Slow sockeye return forces closure of commercial fisheries

Jul 25, 2017


The sockeye run continues its slow burn into the Kenai River.

The cumulative count as of Sunday stood at 330,000 fish, well below historic averages and less than half of what we saw at the same time last year.

 

Commercial drift and setnetters have been shut down since last week in an effort to allow more sockeye into the river. Management plans call for an analysis on July 20 to see where the run is and how much fishing time various user groups will get on the back end of the season. Pat Shields, Alaska Department of Fish and Game area commercial fisheries manager, says the regular openings on Mondays and Thursdays will remain closed until counts hit 900,000.

“Up through the 20th of July, most of our indications said that we were going to be at or above forecast and that we were going to meet or exceed our escapement objectives. After the July 20th regular fishing period, we had noted that things had begun to slow down and we have adjusted by not fishing any extra periods, and now we’ve closed today, July 24th’s, regular period.”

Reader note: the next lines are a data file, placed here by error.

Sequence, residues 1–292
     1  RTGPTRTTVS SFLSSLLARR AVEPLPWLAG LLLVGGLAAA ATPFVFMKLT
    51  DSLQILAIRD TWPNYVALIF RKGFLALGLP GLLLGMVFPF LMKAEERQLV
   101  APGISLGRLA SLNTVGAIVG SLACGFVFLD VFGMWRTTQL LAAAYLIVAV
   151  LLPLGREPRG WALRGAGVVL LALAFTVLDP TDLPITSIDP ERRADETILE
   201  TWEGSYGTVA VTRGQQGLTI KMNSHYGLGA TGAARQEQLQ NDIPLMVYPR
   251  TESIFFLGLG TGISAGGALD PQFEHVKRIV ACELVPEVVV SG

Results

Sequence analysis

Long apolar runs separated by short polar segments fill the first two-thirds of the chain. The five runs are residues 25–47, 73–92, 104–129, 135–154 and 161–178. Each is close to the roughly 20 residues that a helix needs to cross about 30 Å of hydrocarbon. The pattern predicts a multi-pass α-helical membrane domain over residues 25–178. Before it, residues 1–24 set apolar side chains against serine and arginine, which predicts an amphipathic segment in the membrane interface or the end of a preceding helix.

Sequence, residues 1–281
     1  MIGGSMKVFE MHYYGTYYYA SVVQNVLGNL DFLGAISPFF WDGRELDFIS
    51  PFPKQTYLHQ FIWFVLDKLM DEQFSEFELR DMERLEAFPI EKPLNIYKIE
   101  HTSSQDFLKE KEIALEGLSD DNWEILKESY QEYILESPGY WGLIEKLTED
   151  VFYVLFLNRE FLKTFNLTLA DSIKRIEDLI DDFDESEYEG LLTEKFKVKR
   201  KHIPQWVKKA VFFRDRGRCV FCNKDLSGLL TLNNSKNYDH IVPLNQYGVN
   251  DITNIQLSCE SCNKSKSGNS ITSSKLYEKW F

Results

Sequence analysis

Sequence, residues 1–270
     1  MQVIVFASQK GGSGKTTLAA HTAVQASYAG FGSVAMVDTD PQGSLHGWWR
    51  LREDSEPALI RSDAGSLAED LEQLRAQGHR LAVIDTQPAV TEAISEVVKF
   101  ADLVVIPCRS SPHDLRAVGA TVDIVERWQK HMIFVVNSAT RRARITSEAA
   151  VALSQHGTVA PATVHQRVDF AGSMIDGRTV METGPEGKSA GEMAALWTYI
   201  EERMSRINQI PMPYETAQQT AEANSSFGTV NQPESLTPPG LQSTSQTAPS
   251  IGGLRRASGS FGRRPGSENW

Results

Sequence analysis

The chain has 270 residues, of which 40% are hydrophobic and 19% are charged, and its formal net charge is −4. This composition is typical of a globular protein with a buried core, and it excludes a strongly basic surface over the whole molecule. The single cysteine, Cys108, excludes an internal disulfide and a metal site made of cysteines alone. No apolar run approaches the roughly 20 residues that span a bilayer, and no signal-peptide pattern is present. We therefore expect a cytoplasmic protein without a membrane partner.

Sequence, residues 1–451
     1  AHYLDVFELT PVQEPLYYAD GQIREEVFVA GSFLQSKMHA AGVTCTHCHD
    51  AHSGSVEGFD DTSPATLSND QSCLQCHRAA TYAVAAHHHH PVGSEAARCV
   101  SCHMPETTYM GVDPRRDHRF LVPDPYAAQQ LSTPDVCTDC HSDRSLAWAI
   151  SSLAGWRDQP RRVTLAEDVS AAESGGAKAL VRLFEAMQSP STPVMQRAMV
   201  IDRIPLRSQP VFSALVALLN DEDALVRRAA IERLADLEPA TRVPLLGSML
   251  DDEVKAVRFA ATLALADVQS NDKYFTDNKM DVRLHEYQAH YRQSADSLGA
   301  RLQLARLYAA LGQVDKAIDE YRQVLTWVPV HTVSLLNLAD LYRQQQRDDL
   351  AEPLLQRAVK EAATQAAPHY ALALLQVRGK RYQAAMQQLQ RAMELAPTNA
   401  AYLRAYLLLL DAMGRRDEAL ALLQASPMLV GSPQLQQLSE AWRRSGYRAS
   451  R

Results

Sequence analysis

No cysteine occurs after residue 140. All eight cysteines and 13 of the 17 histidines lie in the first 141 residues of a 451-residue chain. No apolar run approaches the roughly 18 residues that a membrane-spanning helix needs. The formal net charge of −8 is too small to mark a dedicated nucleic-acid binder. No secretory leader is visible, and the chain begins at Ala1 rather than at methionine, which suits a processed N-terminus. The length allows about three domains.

No one day has seen more than about 30,000 fish into the river, and that’s becoming a trend with this late sockeye run.

“I don’t have an explanation for that. Other staff don’t, either. Fish vary their migration behavior each year. Four or five years ago, we had these great big days where two or three hundred thousand fish would come to the river mouth in one tide. I can’t explain why that’s not occurring now. That said, (in) both 2015 and 2016, we exceeded our in-river objective. So, it was just a lot of below-average days that ended up exceeding the number of fish we were to put in the river.”

The overall commercial harvest stands at about 1.4 million fish. That’s well below the long-term average of closer to three million. Shields says up until last week, the commercial fleet, at least in the Kasilof section, was doing OK. But even with the gillnets on hold, fishing has been a mixed bag for sport anglers and personal-use fishermen.

“We’ve heard (of) some very good fishing, a lot of fish being harvested in the personal-use fishery to others saying no, they had a difficult time finding fish. And that’s the same on the in-river sport fishery, where some folks have been able to catch their limits at the numbers we’ve been putting in, others have struggled. So there’s no doubt we’re hoping there are good days yet to come and we’re going to stay off of harvesting Kenai sockeye until we’re comfortable that we can project making that 900,000 minimum goal."

On a brighter note, the tally on the Kasilof River is fine. Shields says they’ve hit the target there with more than 190,000 fish into the river. The late king run to the Kenai is continuing its relative resurgence. As of Sunday, nearly 9,000 kings had been counted with almost a month left for that run.